“Kingpins on rigid chassis machines are a favourite too - they just don’t get as much grease as they need,” he says. “And depending on the severity of the wear - or damage - we have the ability to repair by welding cast iron and then we’ll machine the parts to the correct tolerances to achieve a high standard of remanufacture.”

 

Carrier plates are a service item, allowing Mr Barnard to refurbish and repair - often with new steel plates to put structural integrity back into the business end of the machine.

 

It is this attention to detail and focus that means there is always a supply of key components on his shelves, ready to dispatch at a moments notice.

 

“Customers expect an honest and efficient service,” he says. “So I need to make sure that I keep a supply of essential items so I can meet their expectations.”

 

While most of the parts he supplies are for Matbro pivot steer TR models and all-wheel steer TS models, plus Terex and John Deere equivalents, he also carries a few parts for earlier Teleram models and Bray wheeled loaders.

Rebuilt, tested and warrantied transmissions are available.

Sat on the shelves at Corner Farm are a plethora of hydraulic rams that have been overhauled and re-sealed, and headstock links that have been reproduced locally.

 

He also carries a stock of about 10 fully-rebuilt transmissions that have been leak-tested, pressure tested and run on a dyno. These include Clark, ITL and Turner transmissions, and are supplied with 12-months warranty.

 

Mr Barnard’s premises have evolved over the last two decades to include shot-blasting and painting facilities too, in addition to remanufacture and supply of components.

 

With such resources at his fingertips, it also provides the opportunity to refurbish and sell used telehandlers too.

 

Sat in the yard when Farmers Guardian visited was a JCB 531-70, which had just had its attachment carriage converted to a pin and cone system to suit its new owner’s needs.

 

Mr Barnard had also completed the refurbishment of a 15-year old Terex T200 to a high standard - its finished condition was rather impressive given its age and 5,600 clock hours.

 

Fitted with a new set of tyres, the T200 was up for sale at £21,500.

Case study: 17,790 hours and still going strong

At Barthorpe Grange Farm, Acklam, near Malton, north Yorkshire, Phil Dobson uses three telehandlers for daily duties around the 323ha (800ac) mixed farm.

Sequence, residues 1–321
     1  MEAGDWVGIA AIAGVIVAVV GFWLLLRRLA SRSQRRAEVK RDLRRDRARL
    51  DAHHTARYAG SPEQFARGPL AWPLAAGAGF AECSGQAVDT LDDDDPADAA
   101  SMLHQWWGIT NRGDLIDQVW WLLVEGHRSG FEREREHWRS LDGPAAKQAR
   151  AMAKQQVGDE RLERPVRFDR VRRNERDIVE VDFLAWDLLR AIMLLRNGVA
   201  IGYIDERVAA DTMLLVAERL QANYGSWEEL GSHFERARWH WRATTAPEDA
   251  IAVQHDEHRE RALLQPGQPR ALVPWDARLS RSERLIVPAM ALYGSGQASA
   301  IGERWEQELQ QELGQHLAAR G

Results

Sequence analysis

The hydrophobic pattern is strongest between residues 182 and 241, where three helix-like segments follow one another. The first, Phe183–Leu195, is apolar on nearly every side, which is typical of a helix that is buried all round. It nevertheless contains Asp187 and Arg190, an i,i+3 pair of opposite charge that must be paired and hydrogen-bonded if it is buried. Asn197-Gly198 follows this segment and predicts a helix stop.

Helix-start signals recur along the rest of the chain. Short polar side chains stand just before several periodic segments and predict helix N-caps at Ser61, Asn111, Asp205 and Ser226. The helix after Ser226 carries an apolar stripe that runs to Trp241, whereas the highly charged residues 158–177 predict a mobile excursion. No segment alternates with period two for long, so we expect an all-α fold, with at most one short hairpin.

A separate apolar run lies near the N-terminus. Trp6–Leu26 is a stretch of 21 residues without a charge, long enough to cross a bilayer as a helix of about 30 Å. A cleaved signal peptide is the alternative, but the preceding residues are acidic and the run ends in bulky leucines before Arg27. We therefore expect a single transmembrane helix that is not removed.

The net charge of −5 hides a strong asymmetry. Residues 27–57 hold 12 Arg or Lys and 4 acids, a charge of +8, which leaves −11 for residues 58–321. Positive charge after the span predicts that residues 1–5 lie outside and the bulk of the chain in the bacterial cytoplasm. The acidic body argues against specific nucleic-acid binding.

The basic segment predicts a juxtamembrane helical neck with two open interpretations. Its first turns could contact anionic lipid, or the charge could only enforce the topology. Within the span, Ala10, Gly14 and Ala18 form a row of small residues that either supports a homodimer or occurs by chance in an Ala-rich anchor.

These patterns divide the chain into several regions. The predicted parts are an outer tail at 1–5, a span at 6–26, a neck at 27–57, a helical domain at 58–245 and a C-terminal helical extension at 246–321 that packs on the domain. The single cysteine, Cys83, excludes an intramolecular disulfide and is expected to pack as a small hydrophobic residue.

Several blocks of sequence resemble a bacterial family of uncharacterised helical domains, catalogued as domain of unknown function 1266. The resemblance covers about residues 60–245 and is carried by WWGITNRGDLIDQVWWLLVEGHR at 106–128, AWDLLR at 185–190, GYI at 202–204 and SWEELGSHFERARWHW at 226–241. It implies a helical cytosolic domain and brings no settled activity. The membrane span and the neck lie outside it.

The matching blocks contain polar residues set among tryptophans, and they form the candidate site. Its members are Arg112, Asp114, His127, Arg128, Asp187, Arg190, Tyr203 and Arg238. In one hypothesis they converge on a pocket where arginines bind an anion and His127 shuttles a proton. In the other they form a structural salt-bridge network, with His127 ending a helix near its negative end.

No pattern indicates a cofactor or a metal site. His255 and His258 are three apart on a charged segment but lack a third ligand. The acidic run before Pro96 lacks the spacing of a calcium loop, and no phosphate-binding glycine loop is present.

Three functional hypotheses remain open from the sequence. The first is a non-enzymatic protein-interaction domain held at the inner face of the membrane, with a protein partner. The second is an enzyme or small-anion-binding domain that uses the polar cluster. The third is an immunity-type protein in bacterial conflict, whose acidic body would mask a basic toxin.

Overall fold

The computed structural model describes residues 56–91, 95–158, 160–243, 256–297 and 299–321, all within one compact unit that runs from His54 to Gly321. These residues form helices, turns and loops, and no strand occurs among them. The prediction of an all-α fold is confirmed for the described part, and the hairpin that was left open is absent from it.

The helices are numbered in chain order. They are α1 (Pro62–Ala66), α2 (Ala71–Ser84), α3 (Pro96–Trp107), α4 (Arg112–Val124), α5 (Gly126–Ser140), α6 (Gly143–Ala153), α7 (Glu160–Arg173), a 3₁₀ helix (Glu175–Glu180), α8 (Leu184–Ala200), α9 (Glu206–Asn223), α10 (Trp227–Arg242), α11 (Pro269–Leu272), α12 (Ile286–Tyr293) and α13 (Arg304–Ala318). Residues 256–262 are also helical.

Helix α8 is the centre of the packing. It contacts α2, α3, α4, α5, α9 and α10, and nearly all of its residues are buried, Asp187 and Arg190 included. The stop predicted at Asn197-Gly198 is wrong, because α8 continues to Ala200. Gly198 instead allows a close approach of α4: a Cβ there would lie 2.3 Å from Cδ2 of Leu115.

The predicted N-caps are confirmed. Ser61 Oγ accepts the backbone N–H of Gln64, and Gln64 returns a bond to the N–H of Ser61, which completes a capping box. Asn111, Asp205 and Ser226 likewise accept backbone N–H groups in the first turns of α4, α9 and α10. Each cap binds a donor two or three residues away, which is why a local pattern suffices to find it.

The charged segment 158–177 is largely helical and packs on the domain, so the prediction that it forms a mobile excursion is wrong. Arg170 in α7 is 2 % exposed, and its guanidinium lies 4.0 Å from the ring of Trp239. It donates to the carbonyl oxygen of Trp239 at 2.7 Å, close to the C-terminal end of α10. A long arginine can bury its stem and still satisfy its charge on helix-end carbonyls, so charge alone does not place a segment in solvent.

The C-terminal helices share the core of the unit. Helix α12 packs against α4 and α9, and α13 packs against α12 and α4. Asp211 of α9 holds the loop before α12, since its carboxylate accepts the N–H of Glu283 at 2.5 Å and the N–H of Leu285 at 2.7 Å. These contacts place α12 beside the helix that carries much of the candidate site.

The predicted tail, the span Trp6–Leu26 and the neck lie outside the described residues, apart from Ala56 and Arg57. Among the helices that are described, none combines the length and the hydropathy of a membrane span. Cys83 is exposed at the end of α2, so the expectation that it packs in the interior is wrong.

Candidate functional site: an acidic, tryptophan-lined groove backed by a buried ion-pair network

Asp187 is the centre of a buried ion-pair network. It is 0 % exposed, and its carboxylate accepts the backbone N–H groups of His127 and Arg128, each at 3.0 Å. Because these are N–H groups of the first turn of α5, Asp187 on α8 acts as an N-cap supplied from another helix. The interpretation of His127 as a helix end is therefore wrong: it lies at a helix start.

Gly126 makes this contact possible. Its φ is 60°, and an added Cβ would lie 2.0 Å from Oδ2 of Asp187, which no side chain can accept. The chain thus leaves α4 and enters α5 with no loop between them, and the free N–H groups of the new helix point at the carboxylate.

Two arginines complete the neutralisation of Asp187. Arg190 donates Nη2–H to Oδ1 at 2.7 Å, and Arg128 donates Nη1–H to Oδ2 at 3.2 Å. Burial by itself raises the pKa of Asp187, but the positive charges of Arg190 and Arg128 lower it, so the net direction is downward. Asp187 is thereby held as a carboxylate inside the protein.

While one is a relatively young JCB TM model that hss covered just 3,000 hours in its six short years, the other two are Matbro models and can boast a collective total of eight times that of the JCB.

 

One is a rigid chassis all-wheel steer TS280 that has covered 8,200 hours and joined the business about nine years ago; while long-tooth honours go to the farm’s TR250-110.

 

Bought as an ex-demo machine with 400 hours on its clock, this machine has now clocked up 17,790 hours over its 19-year life, and its engine remains unopened.

 

“We’ve replaced a lot of pins, bushes and bearings so far over its lifetime, but its not been an expensive machine to run,” says Phil Dobson. “And a lot of the spares we’ve needed have been readily available through David Barnard.”

Daily use

Used at both ends of the day for feeding and bedding duties with the farm’s 160-cow herd plus followers, the Matbro TR250 finds itself preparing rations and loading the farm’s feeder wagon.

 

“It also gets to spend time on the clamp alongside the JCB, but it’s mostly kept for daily duties with feeding and bedding,” he says.

 

During its time on the farm, the TR250 has needed a new inner boom, three crown wheels and pinions for the rear axle and an injector pump overhaul. A broken bolt on the engine, caused through a failed water pump, is the only reason that an engine casing needed to be removed, and a new gasket fitted.

 

“As long as the TR250 continues to start each day and we can continue to get parts to keep the machine up together, it’ll stay on the farm,” he adds. “

Twitter Facebook
Post a Comment
To see comments and join in the conversation please log in.
Facebook
Twitter
RSS
Facebook
Twitter
RSS